But for non-birders, these photos are just not that interesting. 400mm of glass, with a human monopod in a gusting north wind, does not give enough clarity to declare “great photo!”
But that is not why I’ve procrastinated. That is not the storyline that is causing me to pause. Truth be told, I did NOT enjoy this particular day in the field. And I’m not sure how to explain without sounding like a whiner; but, here goes…
This day of looking skyward was facilitated by the sturdy 30’ wooden platform, managed by the Gulf Coast Bird Observatory, in Smith Point, Texas. Don’t be surprised if you’ve never heard of Smith Point; most native Texans have not. But this tiny point of peninsula is surrounded by a lot of water, looking out onto Galveston Bay, East Bay and Trinity Bay. Smith Point is well known to the subset of serious birders that are hawk enthusiasts; hawk counters; hawking experts.I confess my birding enthusiasm has never driven me to Smith Point. And if I’d depended solely on my car’s GPS, it would not have driven me there either. Let’s just say Smith Point is pretty much out in the middle of nowhere; somewhat off the map. Let’s also say it is well worth the visit, and I will return one upcoming September.
September is the peak month for sighting thousands of raptors (sometimes in a single day) from Smith Point’s observation platform. September (into mid-November) is the main time period for fall migration of raptors headed south, to central and South America for winter.
Why didn’t I enjoy this great birding day? After all I was surrounded by a small group of very serious volunteers: Hawk Counters participating in the yearly hawk watch sponsored by the Gulf Coast Bird Observatory, the Hawk Watch International and the Texas Parks and Recreation department.
This day and these experts could make for a positive learning experience. Several teachable moments were available; but no teachable moment was instantiated. That is, quite selfishly, why I didn’t enjoy the day.I have participated in multiple yearly Christmas Bird Counts, and know enough about birding etiquette, to not bother counters as they count; not interrupt as they record. But this was a slow November count day. I introduced myself to the group as a birder with no hawk migration experience. With good binoculars and camera in hand, I obviously came to this hawk party with serious interest.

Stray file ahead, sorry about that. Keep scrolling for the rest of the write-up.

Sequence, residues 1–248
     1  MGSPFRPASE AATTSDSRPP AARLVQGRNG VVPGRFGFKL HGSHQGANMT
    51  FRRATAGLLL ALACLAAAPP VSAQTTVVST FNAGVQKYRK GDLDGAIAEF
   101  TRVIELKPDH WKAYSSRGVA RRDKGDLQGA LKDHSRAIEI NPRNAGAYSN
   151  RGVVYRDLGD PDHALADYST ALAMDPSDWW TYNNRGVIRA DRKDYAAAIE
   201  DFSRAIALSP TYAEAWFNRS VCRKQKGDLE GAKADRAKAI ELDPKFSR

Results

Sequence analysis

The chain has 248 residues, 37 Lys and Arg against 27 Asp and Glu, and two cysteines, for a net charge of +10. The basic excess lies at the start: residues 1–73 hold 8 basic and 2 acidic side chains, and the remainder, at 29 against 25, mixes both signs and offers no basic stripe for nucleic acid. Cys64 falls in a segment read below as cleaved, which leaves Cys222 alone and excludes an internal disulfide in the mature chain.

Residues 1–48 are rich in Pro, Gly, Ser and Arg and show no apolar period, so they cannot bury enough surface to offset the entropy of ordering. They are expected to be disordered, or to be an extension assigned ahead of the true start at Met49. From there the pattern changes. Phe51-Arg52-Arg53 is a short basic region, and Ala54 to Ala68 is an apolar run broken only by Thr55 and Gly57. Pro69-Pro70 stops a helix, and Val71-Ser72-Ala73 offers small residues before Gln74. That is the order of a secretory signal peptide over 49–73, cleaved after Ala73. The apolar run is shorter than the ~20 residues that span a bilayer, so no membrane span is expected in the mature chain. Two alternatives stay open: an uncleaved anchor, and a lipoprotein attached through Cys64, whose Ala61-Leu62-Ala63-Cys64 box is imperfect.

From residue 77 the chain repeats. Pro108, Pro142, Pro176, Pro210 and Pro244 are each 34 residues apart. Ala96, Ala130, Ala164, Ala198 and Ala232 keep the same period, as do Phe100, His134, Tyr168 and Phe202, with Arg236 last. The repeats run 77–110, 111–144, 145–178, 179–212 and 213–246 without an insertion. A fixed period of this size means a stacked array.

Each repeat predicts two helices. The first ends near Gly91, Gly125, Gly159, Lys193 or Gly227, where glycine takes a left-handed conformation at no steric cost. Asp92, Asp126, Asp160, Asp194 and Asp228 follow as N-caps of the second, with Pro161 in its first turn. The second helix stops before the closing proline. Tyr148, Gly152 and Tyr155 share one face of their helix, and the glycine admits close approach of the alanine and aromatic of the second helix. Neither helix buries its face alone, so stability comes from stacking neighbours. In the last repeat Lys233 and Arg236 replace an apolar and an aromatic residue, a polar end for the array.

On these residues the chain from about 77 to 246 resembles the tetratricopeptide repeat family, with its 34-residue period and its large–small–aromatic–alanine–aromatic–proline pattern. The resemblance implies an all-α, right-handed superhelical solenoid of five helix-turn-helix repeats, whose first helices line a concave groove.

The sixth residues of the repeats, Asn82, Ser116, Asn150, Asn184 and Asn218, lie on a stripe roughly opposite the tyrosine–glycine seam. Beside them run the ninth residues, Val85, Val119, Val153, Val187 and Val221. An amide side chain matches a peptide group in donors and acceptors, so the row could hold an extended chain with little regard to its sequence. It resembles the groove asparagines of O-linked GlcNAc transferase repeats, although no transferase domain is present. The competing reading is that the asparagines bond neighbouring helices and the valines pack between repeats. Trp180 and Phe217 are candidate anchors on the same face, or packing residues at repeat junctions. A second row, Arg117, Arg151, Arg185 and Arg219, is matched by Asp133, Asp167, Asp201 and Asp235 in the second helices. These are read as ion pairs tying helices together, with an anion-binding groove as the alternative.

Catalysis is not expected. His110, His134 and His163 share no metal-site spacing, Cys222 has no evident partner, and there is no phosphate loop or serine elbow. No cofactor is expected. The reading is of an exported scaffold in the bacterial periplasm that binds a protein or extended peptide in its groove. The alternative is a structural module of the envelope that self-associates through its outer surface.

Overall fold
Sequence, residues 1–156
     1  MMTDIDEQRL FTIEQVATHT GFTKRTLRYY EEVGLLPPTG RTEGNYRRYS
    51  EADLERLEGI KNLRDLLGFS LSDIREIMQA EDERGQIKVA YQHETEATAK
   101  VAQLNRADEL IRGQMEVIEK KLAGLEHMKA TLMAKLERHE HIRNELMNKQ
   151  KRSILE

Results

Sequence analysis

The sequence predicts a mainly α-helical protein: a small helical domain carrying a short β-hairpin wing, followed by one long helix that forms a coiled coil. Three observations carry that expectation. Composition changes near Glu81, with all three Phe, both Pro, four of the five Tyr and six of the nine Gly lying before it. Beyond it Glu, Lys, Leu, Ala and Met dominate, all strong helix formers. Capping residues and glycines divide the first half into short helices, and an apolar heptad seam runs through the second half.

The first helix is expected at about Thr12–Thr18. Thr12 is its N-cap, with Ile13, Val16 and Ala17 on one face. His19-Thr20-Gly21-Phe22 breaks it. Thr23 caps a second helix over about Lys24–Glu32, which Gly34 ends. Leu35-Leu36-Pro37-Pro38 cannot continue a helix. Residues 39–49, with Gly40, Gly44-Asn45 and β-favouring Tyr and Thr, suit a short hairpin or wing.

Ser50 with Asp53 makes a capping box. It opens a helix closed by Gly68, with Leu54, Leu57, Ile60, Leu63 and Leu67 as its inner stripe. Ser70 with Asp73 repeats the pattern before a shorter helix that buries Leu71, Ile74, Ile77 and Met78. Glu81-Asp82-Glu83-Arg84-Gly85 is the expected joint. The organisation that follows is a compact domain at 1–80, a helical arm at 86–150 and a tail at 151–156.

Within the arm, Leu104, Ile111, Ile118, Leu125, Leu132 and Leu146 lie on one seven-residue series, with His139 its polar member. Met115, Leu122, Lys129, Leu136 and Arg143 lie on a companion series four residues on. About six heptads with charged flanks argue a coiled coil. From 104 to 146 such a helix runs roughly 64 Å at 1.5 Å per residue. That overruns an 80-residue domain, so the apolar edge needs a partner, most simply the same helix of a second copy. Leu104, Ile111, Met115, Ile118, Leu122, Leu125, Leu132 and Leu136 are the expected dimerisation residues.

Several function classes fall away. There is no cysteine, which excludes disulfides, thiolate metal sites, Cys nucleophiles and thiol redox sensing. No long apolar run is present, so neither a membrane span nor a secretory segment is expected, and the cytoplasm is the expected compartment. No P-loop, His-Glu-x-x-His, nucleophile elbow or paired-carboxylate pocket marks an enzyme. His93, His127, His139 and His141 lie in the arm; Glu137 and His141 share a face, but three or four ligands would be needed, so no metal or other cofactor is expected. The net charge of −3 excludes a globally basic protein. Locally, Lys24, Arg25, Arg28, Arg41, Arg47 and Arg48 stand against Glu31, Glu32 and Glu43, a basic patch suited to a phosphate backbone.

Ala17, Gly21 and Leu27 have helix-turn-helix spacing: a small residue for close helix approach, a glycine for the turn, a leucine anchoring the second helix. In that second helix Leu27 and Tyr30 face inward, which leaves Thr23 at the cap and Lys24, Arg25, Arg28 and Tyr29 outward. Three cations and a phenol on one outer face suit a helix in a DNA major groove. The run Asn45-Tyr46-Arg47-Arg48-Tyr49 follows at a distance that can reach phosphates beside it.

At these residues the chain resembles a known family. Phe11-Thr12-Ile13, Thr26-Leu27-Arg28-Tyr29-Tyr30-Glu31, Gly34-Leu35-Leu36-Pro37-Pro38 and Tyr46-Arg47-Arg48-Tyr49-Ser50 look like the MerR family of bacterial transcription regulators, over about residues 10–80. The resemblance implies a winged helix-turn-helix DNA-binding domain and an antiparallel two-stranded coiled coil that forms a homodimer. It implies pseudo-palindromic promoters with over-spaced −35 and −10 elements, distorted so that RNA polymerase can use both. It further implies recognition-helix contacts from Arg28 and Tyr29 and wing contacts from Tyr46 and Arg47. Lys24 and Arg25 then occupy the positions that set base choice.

I mostly stayed quiet, pointing binoculars to sky. This November day was mostly about solo raptor flyovers, nothing to challenge these skilled hawk counters, trained to count hundreds of birds at a time. So when my binocular view told me I had no clue to hawk identification, I’d quietly vocalize to the collective counters: “can you tell me what this is?” And mostly I’d get an answer. A specific one: name identification only.Call me spoiled but I’m used to more experienced birders sharing the WHY of their identification. I’m used to the sharing of field experience that gives probable clues for the identification. Bentsen State Park naturalists and volunteers are especially good at this field education, for both beginning and more advanced birders. I’ve learned a great deal from park volunteers, CBC volunteers and birding enthusiasts in most every bird locale, beginning those many years ago with Joan and Don at Pedernales Falls State Park.
But on this cold, windy, quiet hawk-watch day, several teachable moments were lost. I was an outsider to this group of counting comrades. I was not comfortable initiating the “why” and “how” of the identification process. I had no feedback to my questions being welcomed. That is OK. But it was disappointing.Back home, upon multi-hour review of my photos (with multiple field guides spread out around my computer), I inferred some knowledge by book and photo comparison. (Jerry Liguori’s book “Hawks from Every Angle: How to Identify Raptors in Flight” was most helpful.) But after-study is not nearly as rewarding as learning in the field, with binoculars on bird. I gained no field experience this hawk-watch day.
I want to emphasize my respect for, and appreciation of, these dedicated hawk experts that volunteer their time. It is not an easy job; and it was obvious that they enjoy their work and community of each other.
But I’d like to suggest, with best intent, that maybe a bit more sharing of their field expertise would encourage more birders; which in turn would encourage more birding tourism; which in turn would encourage more revenue into Texas birding hot spots; which in turn might result in better infrastructure at this and other locales.
Result? Perhaps their future bird counts at this wonderful locale might include a bathroom facility, rather than the lone porta-potty as their only three-month comfort station.And why did I leave after only two hours? It was not the cold or the wind or the lack of welcoming spirit. But this girl draws the line at porta-potties.
In-flight photos of the dark morph Broad-winged Hawk:
In-flight photos of the Swainson’s Hawk: